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The Year’s Best Tech Products

A roundup of the most significant technologies to come to market in 2010.
December 27, 2010

The PowerMat Portable

Big hit: Apple’s iPad has created a new market.

We’ve made great progress in replacing data cables with wireless links, but power cables stubbornly remain. Things got a little better this year with the introduction of the PowerMat, which can supply electricity to charge mobile devices via inductive coupling. People have tried to get inductive technology off the ground before, but PowerMat’s slim-line industrial design combined with the growing need to frequently recharge power-hungry smart phones finally made it a winner.

The AR Parrot

Packing a huge amount of computing power into a featherlight body, this flying toy is incredibly stable while hovering or in flight, indoors and out. It uses feedback from cameras and other sensors to automatically adjust its engines and maintain control. The ability to get a pilot’s-eye view, beamed from the Parrot to an iPhone, is another remarkable advance, as is being able to use augmented reality overlays on the iPhone to fight simulated enemy planes.

PHS300S Portable Hotspot

Powerful mobile devices and the proliferation of Internet video services in 2010 have begun to show how much of a bottleneck 3G cellular connections can be. This hotspot was one of the first devices to let people tap into much faster 4G connections, using their existing WiFi hardware to connect to the Internet while out and about.


For decades, interfaces for computers and game consoles meant keyboards, mice, and joysticks—and little else. Recently however, we’ve been getting a lot more diversity in how we can interact with our digital devices, with touch screens allowing gestural controls and handheld motion-sensing controllers letting us pretend we’re holding a tennis racket or light saber. Microsoft’s Kinect, a camera-based system that can identify hand and body movements, takes the idea to the next level, turning players themselves into controllers.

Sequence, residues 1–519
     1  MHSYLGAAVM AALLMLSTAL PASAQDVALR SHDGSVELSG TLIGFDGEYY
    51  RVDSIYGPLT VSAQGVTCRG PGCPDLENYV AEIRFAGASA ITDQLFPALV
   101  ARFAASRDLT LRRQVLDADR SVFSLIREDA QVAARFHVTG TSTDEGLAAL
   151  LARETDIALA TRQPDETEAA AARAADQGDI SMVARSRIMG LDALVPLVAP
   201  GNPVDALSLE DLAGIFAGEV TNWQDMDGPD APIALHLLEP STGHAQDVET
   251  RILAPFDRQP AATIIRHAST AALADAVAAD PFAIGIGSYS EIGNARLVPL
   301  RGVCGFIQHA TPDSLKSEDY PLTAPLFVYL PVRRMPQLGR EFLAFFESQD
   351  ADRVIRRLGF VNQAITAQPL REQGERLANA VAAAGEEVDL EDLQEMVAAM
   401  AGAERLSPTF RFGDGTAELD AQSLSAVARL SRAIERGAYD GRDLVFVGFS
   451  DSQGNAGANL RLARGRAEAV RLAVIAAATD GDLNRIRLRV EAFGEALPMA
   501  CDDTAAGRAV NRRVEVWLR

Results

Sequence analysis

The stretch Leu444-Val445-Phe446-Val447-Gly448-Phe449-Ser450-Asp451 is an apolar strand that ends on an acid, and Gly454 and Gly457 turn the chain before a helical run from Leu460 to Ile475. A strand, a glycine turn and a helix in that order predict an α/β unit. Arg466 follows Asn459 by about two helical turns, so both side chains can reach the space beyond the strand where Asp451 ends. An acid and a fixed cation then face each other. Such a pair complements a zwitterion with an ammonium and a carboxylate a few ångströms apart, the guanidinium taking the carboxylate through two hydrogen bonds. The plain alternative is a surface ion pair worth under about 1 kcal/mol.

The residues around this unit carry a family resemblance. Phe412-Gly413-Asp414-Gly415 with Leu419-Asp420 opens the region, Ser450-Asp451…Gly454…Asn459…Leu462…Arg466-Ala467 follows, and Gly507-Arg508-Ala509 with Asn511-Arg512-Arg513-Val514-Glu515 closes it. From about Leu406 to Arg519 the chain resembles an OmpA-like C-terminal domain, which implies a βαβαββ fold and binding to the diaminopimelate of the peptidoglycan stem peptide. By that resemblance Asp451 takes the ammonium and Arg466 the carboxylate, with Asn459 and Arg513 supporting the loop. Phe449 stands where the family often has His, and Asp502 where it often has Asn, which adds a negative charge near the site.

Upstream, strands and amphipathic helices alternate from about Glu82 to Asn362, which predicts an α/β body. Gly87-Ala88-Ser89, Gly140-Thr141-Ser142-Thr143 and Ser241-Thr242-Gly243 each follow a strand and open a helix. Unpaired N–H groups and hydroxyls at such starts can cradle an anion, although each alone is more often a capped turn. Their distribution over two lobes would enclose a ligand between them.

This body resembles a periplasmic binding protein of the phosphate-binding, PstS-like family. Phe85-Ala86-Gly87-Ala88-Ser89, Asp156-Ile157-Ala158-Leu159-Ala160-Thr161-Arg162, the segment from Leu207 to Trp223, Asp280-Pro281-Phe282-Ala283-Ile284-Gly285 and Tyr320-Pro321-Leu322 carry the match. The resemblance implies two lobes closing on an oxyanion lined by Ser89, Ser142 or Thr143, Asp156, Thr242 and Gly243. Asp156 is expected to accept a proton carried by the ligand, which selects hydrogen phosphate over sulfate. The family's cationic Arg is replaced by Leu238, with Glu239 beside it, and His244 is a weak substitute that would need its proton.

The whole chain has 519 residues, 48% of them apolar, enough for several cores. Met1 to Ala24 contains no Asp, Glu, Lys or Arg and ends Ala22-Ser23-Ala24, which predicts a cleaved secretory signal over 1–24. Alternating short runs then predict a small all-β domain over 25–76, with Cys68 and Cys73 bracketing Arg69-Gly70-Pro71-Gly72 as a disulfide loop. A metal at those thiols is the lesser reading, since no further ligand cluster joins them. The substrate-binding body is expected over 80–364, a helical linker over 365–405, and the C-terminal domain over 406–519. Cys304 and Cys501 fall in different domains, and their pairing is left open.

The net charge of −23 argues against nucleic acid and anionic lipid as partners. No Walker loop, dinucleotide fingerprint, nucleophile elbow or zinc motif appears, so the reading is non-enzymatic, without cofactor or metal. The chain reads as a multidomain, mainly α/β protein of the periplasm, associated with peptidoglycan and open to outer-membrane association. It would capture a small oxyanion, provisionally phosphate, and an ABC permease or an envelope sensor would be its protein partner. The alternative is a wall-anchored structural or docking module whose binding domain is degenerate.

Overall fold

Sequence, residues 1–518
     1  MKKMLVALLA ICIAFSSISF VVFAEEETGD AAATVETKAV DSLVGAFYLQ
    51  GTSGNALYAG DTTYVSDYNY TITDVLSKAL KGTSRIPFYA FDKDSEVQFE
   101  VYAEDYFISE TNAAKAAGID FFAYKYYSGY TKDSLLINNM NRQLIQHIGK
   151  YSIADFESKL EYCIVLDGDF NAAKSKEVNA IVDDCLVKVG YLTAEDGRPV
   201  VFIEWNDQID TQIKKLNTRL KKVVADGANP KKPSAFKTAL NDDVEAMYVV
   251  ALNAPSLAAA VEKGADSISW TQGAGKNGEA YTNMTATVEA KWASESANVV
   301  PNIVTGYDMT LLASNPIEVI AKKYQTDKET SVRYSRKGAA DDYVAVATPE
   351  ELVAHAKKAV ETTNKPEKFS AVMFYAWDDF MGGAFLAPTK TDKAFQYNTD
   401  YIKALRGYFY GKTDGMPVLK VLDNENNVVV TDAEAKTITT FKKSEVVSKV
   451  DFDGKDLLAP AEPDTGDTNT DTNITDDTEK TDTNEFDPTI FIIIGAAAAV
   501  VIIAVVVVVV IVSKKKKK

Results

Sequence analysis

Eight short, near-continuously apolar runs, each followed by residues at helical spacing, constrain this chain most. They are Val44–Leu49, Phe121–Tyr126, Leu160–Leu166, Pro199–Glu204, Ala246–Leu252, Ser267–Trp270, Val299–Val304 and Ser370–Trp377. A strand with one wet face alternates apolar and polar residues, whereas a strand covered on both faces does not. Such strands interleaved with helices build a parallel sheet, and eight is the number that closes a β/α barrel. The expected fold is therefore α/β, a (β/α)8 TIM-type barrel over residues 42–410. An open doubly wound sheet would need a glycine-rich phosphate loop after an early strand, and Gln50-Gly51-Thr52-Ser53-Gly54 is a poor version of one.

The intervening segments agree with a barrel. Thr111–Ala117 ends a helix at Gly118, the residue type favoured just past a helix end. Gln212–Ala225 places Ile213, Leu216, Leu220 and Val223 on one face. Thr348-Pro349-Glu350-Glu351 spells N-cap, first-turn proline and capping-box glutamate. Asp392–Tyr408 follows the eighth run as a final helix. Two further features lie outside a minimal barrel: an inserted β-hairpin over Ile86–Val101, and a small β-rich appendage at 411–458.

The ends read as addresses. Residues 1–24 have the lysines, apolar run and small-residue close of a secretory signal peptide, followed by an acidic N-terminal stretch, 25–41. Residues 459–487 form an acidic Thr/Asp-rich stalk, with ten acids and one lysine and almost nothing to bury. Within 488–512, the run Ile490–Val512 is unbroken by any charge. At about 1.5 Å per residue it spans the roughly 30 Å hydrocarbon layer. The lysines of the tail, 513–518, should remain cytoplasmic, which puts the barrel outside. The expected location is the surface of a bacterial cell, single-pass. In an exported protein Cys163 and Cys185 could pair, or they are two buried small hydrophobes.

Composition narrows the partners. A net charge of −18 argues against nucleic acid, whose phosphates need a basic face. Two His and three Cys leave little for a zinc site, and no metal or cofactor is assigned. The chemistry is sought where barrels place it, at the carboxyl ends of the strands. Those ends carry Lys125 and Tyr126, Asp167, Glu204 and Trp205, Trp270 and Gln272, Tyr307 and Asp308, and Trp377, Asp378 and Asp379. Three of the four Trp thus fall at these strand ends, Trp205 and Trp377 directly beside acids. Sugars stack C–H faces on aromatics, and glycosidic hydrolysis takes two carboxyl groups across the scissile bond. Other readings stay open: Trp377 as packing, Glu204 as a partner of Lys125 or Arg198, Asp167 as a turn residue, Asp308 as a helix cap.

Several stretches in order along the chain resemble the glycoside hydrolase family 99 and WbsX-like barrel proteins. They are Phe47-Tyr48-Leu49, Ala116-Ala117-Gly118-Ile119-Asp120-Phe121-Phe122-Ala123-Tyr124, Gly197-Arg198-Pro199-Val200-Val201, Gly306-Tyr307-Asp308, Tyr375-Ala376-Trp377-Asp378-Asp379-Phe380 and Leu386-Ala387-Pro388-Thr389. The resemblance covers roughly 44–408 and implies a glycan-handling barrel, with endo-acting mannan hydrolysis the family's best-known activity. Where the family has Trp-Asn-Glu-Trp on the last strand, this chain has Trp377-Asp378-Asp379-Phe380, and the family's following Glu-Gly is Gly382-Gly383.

Wrap920 AR Glasses

In recent years, augmented reality has escaped from the lab, thanks to camera- and GPS-enabled smart phones. But touch-screen displays a few centimeters across still fall short of the dream of seeing the world with immersive computer-aided vision. These glasses go a long way toward realizing that dream, allowing interactive three-dimensional synthetic objects to be added to the environment in real time. Expect everyone to be wearing the descendants of this device in ten years’ time.

Google TV

Sony partnered with Google to create this HDTV, which shows the likely direction of television in the years to come. Viewers want to be able to search for something to watch on their big-screen TV as easily as they can find a restaurant menu online, and software platforms like Google’s will let them do that. In addition, Google’s software lets users install Android applications, further blurring the line between smart phones, desktop computers, and televisions.

Claros DX 1

A diagnostic revolution is under way, with while-you-wait devices in clinics eliminating delays of hours or days to get the results of blood tests sent out to a laboratory. Microfluidic chips like this one allow a pathology lab to be miniaturized down to something you can hold in your hands, mixing tiny doses of reagents and analyzing results—in this case monitoring the patient for a prostate cancer biomarker. The technology is also being developing for the identification of STDs and other diseases in developing countries, where there are few pathology labs in the first place.

The iPad

Apple single-handedly created a new market with its iPad, reviving the otherwise moribund category of tablet computers. Rather than trying to replicate all the functionality of a laptop, Apple succeeded by targeting people who just want some light entertainment—and maybe a little e-mail. This portable digital jukebox lets them watch video, listen to music, play games, surf the Web, and read books and magazines.

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